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Flood crisis worsens in Kenya, Somalia and Ethiopia
Heavy and prolonged rains in parts of the Horn of Africa have affected hundreds of thousands of people in Kenya, Ethiopia and Somalia.
At least 29 people have died in Kenya since the heavy downpours began in early October.
Wajir county is one of the hardest hit areas, with rains driving flash floods, mudslides and landslides affecting more than 100,000 people.
The floods have damaged infrastructure, including roads and bridges, and access to food, education and healthcare have been compromised.
Food and shelter
Concern are in the process of gathering resources to provide food and shelter to those people most badly affected in the area.
In Ethiopia, heavy and prolonged rains have brought about repeated episodes of flooding in the Afar, Oromia, SNNP and Somali regions.
More than 202,000 people have been displaced due to the hazardous conditions, with the majority of 127,500 in the Somali region.
In Kenya, Concern is accessing ECHO ALERT emergency funding to address the priority needs of the most affected households, including emergency shelter and food needs.
With the support of OFDA, through its Emergency Nutrition and WASH Rapid Response Capacity programme in Ethiopia, Concern stands ready to respond to Emergency Nutrition, Water, Sanitation and Hygiene needs, in coordination with other partners.
Early response activities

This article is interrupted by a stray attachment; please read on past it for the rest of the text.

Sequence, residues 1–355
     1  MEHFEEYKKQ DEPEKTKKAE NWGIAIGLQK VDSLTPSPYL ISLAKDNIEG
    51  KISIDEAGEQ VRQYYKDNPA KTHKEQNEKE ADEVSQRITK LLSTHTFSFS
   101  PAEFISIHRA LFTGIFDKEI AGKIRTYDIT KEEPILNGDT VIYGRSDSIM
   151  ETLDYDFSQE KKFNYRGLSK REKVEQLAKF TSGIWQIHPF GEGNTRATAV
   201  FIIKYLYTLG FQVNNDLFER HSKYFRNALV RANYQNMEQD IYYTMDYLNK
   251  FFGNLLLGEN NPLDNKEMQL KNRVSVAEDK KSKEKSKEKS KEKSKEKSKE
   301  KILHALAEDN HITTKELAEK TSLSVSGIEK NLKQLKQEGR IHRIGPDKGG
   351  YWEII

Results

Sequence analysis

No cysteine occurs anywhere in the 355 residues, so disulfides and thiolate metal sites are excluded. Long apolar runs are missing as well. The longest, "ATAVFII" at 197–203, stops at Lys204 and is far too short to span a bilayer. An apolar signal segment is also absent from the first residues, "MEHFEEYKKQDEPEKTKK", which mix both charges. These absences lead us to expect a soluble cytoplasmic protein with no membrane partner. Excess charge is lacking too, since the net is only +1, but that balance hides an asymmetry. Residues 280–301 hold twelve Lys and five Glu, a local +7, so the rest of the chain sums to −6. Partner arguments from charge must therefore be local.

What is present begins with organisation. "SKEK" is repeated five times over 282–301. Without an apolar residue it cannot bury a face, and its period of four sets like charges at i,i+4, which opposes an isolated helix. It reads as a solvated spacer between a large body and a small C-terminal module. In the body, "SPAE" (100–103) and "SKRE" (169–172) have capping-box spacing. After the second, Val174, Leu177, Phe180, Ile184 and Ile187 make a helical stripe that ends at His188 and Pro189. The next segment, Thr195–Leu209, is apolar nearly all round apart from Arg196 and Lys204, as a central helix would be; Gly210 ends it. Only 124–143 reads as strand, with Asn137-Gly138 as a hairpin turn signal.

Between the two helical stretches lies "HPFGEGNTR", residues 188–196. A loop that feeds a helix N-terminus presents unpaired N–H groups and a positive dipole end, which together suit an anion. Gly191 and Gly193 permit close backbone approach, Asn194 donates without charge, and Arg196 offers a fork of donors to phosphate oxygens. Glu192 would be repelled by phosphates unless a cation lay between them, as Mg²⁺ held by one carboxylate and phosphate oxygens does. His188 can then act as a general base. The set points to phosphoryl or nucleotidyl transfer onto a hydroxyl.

Southern parts of Somalia have also seen flooding and heavy rains.
We are seeking funds from Irish Aid to implement early response activities to the flood crisis across South Central Somalia, where the most vulnerable communities close to the Shabelle river are at risk.
Together with our local partner SHACDO, we will strategically locate sandbags along the most vulnerable parts of the river, while also distributing vital Acute Watery Diarrhoea (AWD) kits - including water treatment tablets, jerry cans, soap and mosquito nets – to those most vulnerable.
We are also working with SHACDO to continue the collection and sharing of early flood warning information, while SHACDO will also start disease surveillance through their clinics.
And the Somali Cash Consortium, of which Concern is the lead organisation, are distributing emergency cash transfers to 12,000 people so that they can rebuild shelters, purchase hygiene items and access food.
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